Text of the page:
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Ric Flinn
10th May 2003, 22:10
Could somebody post a list of translations for common parts of the body? I know several, and sure I could look the rest up, but figured maybe somebody else might benefit from a list online. Plus I'm lazy.

Moriki
11th May 2003, 07:48
Hi Ric,
Here`s a list that I have.

EYE= ME
HEAD= ATAMA
EAR= MIMI
NOSE= HANA
TEETH= HA
TONGUE= SHITA
NECK= KUBI
THROAT= NODO
SHOULDER= KATA
CHEST= MUNE / MUNA`ITA
BREAST= MUNE / CHIBUSA
BACK= SENSAKA
LOWER BACK= KOSHI
ARM= UDE
ELBOW= HIJI
WRIST= TEKUBI
HAND= TE
FINGER= YUBI
RIB= ABARA
STOMACH= ONAKA
BUTTOCKS= OSHIRI
ANUS= KOOMON
THIGH= FUTO-MOMO
KNEE= HIZA
SHIN= SUNE
LEG= ASHI
CALF= FUKURAHAGI
ANKLE= ASHIKUBI
FOOT= ASHI
TOE= TSUMASAKI
GENITALS= SEKI
VAGINA= JOSEKI
PENIS= DANSEKI

Hope this helps.
yours
Brian Carpenter
Dojo Cho
GWNBF/KJJR UK KOMORI DOJO
WORLD MATE SHINTO MEMBER

Moriki
11th May 2003, 21:58
Yobina,
Thanks for the corrections. Sorry for the spelling error I had my Chinko in hand thinking of Manko:D


yours
Brian Carpenter
Dojo Cho
GWNBF/KJJR UK KOMORI DOJO
WORLD MATE SHINTO MEMBER

renfield_kuroda
11th May 2003, 23:56
Please note that there is one word that you absolutely cannot say on television and/or print in the newspapers, and it is yobina's colloquial word for female anatomy.
Don't underestimate this word; you really can say anything on tv but this one word will at best get you looked at VERY strangely, at worst get your ass beat down.
Remember: the key to Japanese is context and pronunciation, which is why you can say 'kuso' on tv and get away with it, but this one word is a definite NG!

Regards,
renfield kuroda

Daniel Lee
12th May 2003, 00:44
That's for sure. Andrew, you might better delineate those lexical items as being 'vulgar' (read that extremely vulgar) rather than 'colloquial'. As Renfield suggested, they are best left out of your linguistic currency.

hyaku
12th May 2003, 02:54
I would like to add a few yens worth by saying that bad language in Japanese has a different context. To me it has been a little frustrating. Especialy when someone rams your car and all you seem to have in your vocabulary is to call him/her a fool.

A lot of our very imaginative English expressions just do not translate.

If you wanted to tell someone to go ???k themselves you would more likely get a look of puzzlement rather than it have its desired effect as its something one woild have difficulty in doing. You can say it in English too but people think its funny. The general translation in the Japanese text at the bottom of movies for any really bad stuff is just "Kuso".

There are alternative phrases I use but I am not going to let anyone in on those!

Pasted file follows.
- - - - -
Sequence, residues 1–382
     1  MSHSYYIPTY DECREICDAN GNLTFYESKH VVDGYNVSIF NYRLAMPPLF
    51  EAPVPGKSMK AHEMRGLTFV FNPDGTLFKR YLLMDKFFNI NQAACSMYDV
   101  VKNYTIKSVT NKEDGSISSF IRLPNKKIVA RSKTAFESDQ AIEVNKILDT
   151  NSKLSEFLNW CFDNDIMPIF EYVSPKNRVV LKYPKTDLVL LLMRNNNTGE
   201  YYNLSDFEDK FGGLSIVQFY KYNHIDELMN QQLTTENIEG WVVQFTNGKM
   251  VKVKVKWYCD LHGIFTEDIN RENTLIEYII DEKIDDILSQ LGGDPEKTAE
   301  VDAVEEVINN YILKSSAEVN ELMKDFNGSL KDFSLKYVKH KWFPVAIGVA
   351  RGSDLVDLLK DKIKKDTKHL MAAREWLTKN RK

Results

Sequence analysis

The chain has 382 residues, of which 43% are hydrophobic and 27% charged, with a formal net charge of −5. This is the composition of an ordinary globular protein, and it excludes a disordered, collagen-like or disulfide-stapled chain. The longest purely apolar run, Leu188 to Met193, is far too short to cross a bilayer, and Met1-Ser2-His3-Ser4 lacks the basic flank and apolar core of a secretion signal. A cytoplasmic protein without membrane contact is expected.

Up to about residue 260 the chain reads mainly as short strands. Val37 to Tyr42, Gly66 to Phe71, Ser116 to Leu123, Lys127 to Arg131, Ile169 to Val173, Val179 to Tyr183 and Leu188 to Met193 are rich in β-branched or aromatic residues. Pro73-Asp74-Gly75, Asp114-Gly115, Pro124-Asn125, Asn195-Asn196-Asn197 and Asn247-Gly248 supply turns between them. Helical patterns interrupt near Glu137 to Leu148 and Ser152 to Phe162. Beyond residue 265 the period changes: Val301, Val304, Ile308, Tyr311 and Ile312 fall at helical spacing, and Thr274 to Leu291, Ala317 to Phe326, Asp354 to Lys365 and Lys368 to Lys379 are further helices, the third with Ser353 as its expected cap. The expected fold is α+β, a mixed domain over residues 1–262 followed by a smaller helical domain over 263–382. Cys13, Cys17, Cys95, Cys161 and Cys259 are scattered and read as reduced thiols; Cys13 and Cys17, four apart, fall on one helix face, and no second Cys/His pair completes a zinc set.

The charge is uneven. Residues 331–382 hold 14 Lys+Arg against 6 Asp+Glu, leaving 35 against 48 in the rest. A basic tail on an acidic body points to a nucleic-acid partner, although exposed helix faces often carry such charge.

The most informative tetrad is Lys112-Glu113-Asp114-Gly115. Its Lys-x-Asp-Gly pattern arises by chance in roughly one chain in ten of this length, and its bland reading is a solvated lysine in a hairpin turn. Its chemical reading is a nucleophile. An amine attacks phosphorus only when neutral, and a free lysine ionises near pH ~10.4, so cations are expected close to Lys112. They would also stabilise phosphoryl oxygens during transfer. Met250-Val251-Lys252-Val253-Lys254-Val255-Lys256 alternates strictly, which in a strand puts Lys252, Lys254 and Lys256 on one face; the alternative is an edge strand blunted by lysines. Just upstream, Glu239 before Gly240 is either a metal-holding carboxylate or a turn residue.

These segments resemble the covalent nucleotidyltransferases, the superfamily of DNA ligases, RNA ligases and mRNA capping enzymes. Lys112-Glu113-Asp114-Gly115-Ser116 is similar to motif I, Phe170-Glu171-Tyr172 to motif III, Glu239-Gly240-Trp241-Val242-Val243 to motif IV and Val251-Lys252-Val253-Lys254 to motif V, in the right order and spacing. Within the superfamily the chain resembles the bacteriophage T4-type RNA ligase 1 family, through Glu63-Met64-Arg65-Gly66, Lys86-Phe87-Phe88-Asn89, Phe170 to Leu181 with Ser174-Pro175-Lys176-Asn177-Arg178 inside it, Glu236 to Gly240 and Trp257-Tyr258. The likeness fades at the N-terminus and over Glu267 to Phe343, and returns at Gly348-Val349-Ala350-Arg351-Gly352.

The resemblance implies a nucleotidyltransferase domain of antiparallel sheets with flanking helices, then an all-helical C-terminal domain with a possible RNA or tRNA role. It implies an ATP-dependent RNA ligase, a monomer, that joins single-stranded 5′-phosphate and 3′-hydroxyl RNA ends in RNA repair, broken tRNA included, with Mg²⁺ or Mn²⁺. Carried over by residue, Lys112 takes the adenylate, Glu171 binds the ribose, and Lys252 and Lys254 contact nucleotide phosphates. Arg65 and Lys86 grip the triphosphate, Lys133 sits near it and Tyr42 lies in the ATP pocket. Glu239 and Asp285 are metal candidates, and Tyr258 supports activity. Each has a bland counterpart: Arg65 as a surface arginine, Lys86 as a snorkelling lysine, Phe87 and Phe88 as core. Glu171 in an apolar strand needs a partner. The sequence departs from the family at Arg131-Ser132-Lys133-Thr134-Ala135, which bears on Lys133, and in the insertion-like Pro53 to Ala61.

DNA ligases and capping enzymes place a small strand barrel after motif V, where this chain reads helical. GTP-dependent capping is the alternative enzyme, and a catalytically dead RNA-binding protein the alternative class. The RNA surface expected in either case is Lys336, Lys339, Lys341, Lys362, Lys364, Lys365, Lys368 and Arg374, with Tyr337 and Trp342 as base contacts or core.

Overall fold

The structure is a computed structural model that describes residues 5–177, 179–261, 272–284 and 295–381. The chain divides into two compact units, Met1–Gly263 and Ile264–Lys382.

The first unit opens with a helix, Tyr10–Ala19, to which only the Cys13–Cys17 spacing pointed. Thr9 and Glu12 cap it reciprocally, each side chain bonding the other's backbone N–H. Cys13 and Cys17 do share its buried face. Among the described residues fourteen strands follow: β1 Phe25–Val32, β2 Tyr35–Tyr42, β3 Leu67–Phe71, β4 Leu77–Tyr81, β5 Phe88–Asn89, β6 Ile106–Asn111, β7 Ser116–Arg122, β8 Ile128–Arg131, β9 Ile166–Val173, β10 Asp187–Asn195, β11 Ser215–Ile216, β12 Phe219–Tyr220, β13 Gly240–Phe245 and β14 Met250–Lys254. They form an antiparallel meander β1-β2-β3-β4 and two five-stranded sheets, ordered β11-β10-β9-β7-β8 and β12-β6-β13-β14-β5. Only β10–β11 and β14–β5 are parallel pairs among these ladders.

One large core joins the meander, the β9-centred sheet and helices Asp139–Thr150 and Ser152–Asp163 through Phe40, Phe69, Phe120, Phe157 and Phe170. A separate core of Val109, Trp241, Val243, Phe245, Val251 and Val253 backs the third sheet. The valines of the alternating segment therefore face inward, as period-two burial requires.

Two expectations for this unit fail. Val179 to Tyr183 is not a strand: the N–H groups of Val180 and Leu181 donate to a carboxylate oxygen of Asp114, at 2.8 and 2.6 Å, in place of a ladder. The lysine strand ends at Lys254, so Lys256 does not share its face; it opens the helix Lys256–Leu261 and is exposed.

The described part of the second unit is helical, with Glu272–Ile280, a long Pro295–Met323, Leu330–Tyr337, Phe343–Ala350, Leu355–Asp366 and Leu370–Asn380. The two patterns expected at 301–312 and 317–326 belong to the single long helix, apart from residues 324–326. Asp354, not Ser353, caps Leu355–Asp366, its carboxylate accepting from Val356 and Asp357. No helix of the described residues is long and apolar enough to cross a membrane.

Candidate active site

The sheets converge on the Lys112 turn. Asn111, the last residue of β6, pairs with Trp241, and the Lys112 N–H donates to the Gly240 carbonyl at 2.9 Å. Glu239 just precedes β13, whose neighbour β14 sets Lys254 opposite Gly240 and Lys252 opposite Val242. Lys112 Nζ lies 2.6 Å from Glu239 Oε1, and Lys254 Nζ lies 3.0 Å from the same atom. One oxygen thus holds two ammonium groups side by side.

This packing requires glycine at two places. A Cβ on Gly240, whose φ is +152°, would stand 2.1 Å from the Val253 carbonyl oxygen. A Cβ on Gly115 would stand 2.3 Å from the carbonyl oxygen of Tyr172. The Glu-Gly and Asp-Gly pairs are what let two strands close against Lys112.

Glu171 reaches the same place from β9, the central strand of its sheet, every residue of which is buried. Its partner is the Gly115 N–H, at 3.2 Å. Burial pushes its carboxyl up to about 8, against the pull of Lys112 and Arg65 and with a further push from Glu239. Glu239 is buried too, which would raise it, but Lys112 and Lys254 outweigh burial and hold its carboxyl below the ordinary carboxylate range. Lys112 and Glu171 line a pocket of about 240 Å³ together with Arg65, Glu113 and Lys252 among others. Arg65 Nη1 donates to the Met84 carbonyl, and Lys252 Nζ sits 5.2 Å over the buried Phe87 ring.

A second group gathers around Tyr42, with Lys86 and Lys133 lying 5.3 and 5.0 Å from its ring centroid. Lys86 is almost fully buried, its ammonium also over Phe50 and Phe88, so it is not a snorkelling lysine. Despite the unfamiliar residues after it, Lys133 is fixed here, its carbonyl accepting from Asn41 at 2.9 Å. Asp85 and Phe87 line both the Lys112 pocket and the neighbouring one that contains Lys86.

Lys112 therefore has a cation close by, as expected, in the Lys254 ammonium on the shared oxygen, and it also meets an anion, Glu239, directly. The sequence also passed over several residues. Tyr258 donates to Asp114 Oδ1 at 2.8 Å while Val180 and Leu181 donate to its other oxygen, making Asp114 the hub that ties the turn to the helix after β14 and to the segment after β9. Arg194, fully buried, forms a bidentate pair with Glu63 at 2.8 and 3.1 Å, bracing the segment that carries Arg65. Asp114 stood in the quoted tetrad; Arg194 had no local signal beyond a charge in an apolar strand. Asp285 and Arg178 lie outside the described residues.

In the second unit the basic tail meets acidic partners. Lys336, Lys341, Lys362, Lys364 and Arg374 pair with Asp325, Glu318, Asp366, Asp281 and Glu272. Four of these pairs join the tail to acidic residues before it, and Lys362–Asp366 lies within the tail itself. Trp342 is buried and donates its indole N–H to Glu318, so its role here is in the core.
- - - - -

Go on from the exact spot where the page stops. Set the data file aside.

I think my most used word is "Segarashika"
(No it does not mean someone likely to play a Sega game)

I get rather ?issed off with unwanted comments sometimes.

The guy next to me keeps complaining that I am "too big". Sometimes you really need to tell people to shut the hell up!

Hyakutake Colin

Moriki
12th May 2003, 06:54
If the words are that vulgur I`m sorry for using them in my post, and hope that they don`t offend to many people. I apologize in advance.


yours
Brian Carpenter
Dojo Cho
GWNBF/KJJR UK KOMORI DOJO
WORLD MATE SHINTO MEMBER

Ric Flinn
13th May 2003, 01:45
This reminds me of a funny story. After a seminar a while back, a friend of mine went to dinner/drinks with a group of all-Western students and the Japanese sensei. The sensei has a good but rather unusual sense of humor; when drinks were served he was asked to give a toast, and, being with all Westerners, he raised his glass and said "Chinchin!" and everybody followed. The sensei was embarassed when he remembered my friend could speak Japanese.

Striking Hand
13th May 2003, 01:54
I saw this in todays Japan times:
Link to the full article is below.


"Rising Sun," Michael Crichton's bestselling novel, was one such book.

For those of you who missed this gem, it portrayed Japanese business investment in the U.S. as an insidious and sometimes murderous conspiracy. Crichton angrily rebuffed accusations of racism, but I felt his book was inflammatory and one sided.

The 1993 film starring Sean Connery, Wesley Snipes and Harvey Keitel didn't exactly win rave reviews. Rottentomatoes.com, a film review site, accords this work a remarkably low 0 percent recommendation.

I happened to attend the first preview screening here. Sitting in a theater full of Japanese who were about to watch Japan get bashed in an American film, I felt more than a little uncomfortable.

About 20 minutes or so into the film, Sean Connery visits the research facility of a major Japanese electronics firm based in southern California.

As he walks past an immaculately sculpted garden, a sign bearing the company's name, "Hamaguri Corporation," comes into view.

At this point, giggles began to emerge from the audience, which soon grew into chortles, guffaws, and finally uproarious laughter.

Hamaguri, which is a type of shellfish, is an unlikely name for a corporation: it does happen to be a familiar euphemism for the female reproductive organ.

[URL=http://www.japantimes.co.jp/cgi-bin/getarticle.pl5?fl20030513zg.htm[/URL]